WASHINGTON — Attorney General Jeff Sessions ordered the resignation of 46 U.S. Attorneys appointed by President Barack Obama Friday.
The action was criticized by opponents of the administration, but Sessions was once on the other side of the chopping block when Bill Clinton became president and Sessions was a U.S. attorney in Alabama.
Ultimately, it is not unusual for a new president to dismiss the appointments of the previous administration’s U.S. attorneys. What is interesting, however, is to see where some of the players in the appointment and dismissal process have ended up between administrations.
In March 1993, Clinton Attorney General Janet Reno ordered the resignation of all 93 U.S. attorneys, all of whom were Reagan and Bush appointments. A Justice Department official told CNBC that Sessions still has the letter that Reno sent to him at the time.
Reno said she asked for the resignations, according to The Sun Sentinel, “so that the U.S. attorneys presently in position will know where they stand and so that we can begin to build a team that represents a Department of Justice that represents my views and the views of President Clinton.”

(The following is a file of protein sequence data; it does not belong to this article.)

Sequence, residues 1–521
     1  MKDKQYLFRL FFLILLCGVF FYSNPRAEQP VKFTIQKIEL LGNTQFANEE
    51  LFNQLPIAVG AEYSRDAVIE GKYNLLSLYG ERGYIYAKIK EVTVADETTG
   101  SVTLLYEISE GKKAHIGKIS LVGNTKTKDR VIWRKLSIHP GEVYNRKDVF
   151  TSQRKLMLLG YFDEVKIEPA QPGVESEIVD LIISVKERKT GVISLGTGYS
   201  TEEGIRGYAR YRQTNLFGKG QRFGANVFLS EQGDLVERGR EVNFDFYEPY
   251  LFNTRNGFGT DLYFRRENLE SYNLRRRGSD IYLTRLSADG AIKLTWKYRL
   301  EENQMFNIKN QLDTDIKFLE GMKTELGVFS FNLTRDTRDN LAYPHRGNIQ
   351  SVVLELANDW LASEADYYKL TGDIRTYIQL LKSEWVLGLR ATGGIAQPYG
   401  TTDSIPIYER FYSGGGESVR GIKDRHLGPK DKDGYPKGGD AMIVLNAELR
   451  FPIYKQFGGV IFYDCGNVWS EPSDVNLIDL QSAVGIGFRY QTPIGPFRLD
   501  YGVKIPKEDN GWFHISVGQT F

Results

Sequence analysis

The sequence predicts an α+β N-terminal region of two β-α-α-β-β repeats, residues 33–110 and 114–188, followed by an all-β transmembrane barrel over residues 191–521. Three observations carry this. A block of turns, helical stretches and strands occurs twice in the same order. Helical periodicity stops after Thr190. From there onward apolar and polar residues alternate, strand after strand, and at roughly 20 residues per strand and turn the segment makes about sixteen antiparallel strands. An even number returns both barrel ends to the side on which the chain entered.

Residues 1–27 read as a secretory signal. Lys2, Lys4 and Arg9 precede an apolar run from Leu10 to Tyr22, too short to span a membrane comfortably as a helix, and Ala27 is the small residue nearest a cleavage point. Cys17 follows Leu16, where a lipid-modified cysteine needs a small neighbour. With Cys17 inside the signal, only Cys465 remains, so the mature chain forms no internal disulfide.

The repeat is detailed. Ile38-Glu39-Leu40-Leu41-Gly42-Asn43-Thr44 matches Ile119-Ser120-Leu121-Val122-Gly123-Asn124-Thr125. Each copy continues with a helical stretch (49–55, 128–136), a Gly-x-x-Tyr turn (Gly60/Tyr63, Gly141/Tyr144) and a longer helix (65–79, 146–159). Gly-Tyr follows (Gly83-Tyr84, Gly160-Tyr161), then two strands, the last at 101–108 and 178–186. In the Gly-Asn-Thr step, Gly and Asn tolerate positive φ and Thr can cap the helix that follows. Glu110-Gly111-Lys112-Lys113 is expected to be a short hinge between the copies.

Although President Donald Trump previously told now former U.S. Attorney to the Southern District Court of New York Preet Bharara he wanted him to stay on the job, Trump changed his mind and fired Bharara on Saturday after the U.S. attorney refused to resign at first.
Bharara’s history goes back to the George W. Bush administration when he served as Chief Counsel to New York Democratic Sen. Chuck Schumer. Bharara led investigations of the dismissals of U.S. attorneys fired by Bush at the time.
A statement from Schumer’s office to The New York Times said he was “troubled” to learn of the requests for resignations, “particularly that of Preet Bharara.”